In the meantime, God says through Isaiah, “So do not fear, for I am with you; do not be dismayed, for I am your God. I will strengthen you and help you; I will uphold you with my righteous right hand.” (Isaiah 41:10) While the Law was condemning and frightening, the Gospel was forgiving and filled with hope. God would not condone their sin, but if they repented, He would forgive them.

This is the message of God to our world that is without answers to the major problems of our society. Secretary of State Colin Power has now spent days pleading with the Palestinians and Israelis. What has he said among many other words of wisdom? “Stop killing people. Life is precious. Ask yourself, ÔHow are we as Palestinians or Jews at fault? Be willing to confess your own wrong and do something about it. Forgive the past and move on to the future.'”

Where did the Secretary receive these thoughts? From God’s Word. The basic problem in the Mideast is not to find what must happen if there is to be peace. The primary challenge is to bring the people to accept God’s answer to the problem. You may think this is an oversimplification. What then is your answer?

The world leaders Ð Palestinians, Israelis, Americans, and all the rest Ð need our prayers that God, Who has given us the answer for our problems, will open our hardened hearts and make us receptive to His Word. It is at this point, when all else fails, that Isaiah says, “Seek the Lord while he may be found; call on him while he is near.”

Let’s move on to something more personal. A loved one is taken from us in death. Those who mourn ask, “How do I start over?” Our culture counsels, “These difficult times happen to all of us sooner or later. Time is the healer. You’ll be all right, and life will go on again.” There is some truth in these words, but don’t you need more at that time? I do. I need the Gospel. Jesus died for your loved one, and if he or she died in that faith, trusting Him, they live in heaven. Our grieving is not for the person who died. It is for ourself. Then we hear these words, which bring hope, “My grace is sufficient for you.” God says, “I am with you. Walk with me, and your eyes will be opened to behold greater blessings I have for you. Seek me in my Word and among my people, which is the Church.”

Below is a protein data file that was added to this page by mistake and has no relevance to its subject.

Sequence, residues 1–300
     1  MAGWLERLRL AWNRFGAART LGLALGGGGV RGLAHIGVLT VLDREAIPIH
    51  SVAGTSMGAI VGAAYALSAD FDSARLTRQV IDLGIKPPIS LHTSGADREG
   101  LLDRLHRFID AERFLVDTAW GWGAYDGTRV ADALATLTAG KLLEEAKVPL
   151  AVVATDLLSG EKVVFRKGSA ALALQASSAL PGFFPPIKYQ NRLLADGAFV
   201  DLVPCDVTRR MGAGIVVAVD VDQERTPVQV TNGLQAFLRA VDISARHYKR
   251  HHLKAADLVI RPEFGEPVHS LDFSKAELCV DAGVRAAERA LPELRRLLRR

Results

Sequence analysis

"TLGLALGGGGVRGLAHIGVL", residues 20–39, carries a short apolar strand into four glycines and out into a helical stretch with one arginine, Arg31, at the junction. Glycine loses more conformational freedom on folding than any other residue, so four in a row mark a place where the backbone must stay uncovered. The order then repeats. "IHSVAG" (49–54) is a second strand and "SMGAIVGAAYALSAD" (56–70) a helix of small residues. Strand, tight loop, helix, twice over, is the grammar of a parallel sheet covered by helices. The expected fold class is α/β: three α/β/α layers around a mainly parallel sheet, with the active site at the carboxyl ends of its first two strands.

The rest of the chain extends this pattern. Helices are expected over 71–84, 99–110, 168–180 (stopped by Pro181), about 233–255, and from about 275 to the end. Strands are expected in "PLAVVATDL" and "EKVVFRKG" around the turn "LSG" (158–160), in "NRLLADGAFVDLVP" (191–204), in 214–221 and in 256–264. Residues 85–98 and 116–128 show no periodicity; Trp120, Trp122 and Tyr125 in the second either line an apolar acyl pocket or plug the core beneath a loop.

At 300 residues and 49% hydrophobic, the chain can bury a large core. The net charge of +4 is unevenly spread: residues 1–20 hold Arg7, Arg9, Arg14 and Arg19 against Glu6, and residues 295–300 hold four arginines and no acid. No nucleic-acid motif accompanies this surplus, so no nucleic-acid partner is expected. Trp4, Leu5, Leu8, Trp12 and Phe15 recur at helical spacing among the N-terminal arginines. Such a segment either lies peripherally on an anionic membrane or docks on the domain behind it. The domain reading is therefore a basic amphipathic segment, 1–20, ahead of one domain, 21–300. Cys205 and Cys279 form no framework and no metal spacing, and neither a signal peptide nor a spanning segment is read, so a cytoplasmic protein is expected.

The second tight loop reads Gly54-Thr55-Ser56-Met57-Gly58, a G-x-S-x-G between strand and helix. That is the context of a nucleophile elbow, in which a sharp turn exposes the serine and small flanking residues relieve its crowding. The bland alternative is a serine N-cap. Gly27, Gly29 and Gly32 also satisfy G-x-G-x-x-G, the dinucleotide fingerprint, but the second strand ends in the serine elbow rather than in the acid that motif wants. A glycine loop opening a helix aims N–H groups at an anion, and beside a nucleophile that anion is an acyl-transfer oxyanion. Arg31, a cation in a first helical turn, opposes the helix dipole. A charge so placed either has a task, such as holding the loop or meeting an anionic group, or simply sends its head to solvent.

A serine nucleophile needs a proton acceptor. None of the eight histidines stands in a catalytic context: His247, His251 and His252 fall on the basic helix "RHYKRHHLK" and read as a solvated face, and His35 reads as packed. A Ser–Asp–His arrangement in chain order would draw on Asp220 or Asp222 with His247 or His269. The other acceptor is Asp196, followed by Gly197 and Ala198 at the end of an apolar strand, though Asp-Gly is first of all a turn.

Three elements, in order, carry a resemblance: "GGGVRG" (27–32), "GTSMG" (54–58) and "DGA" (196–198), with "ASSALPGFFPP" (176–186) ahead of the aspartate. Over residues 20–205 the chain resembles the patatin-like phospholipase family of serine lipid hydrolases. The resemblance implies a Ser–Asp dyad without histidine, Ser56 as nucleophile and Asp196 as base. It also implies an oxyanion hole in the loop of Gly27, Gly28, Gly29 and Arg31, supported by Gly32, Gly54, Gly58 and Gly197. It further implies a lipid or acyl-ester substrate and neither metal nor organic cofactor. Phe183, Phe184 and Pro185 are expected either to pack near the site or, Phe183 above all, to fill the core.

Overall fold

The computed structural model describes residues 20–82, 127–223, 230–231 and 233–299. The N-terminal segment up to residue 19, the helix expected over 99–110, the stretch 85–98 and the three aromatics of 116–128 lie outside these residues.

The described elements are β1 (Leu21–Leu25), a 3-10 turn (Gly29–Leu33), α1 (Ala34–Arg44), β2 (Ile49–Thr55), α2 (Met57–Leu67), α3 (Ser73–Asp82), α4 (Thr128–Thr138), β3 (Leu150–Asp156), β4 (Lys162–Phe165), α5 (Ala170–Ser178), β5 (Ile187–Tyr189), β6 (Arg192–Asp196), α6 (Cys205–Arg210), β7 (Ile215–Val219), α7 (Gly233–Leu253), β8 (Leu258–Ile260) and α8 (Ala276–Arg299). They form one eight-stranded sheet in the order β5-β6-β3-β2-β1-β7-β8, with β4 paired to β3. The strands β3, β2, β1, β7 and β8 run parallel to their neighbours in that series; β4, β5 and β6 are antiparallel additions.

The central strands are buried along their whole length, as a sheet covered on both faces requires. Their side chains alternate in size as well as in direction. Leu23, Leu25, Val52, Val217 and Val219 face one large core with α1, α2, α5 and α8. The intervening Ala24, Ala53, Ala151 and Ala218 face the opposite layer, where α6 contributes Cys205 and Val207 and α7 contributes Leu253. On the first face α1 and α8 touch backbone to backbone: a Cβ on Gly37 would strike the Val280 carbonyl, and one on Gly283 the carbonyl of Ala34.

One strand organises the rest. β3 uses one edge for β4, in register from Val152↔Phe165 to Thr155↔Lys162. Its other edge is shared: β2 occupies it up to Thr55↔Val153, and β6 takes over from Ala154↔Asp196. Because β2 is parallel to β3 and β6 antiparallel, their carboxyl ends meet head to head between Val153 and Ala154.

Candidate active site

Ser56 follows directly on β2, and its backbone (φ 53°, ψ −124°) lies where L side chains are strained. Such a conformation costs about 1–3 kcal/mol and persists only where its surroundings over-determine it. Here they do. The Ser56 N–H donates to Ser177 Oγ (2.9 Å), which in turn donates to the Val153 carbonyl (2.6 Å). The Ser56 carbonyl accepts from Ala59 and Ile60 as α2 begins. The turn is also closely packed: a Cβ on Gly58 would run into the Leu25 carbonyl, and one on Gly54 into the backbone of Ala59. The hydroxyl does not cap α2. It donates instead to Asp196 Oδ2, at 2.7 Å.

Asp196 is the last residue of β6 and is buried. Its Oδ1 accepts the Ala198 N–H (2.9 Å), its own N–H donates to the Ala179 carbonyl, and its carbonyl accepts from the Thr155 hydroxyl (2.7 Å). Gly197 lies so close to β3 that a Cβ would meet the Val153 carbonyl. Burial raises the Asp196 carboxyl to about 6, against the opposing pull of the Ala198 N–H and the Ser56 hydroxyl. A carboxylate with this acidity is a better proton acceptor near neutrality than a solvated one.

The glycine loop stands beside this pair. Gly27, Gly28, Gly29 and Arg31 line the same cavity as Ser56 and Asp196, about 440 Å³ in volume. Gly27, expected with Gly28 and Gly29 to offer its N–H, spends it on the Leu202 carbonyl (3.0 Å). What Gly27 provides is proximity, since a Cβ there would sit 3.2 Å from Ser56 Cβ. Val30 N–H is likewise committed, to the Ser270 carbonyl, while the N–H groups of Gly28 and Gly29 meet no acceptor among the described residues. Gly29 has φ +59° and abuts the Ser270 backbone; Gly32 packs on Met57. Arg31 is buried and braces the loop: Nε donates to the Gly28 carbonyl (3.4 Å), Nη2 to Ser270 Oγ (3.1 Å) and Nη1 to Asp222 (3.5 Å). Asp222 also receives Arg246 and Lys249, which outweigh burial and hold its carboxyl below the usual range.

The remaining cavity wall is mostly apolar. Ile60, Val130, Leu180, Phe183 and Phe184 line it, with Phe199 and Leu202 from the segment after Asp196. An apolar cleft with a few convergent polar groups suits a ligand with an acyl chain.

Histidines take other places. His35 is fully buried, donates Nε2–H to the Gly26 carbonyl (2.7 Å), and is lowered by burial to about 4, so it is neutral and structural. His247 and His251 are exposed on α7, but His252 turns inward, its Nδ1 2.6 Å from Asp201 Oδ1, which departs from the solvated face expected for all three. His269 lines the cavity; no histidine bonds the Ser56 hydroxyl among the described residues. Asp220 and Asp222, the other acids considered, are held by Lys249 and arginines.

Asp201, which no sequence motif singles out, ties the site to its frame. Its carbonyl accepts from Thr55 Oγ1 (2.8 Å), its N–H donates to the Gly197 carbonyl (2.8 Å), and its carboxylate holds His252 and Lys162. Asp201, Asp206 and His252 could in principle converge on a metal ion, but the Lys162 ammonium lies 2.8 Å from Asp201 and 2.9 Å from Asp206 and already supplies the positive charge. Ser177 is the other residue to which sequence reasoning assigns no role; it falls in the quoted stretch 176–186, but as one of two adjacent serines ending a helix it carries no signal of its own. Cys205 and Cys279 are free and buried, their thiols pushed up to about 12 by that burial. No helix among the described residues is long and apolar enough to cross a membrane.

We have these blessed truths in the Bible, but are we not often like the Psalmist who wrote, “When I was in distress, I sought the Lord. At night I stretched out untiring hands, and my soul refused to be comforted.” Sometimes God’s voice is not comforting. It is not what we want to hear. It is then that we are tempted to walk away from Him rather than seek Him out.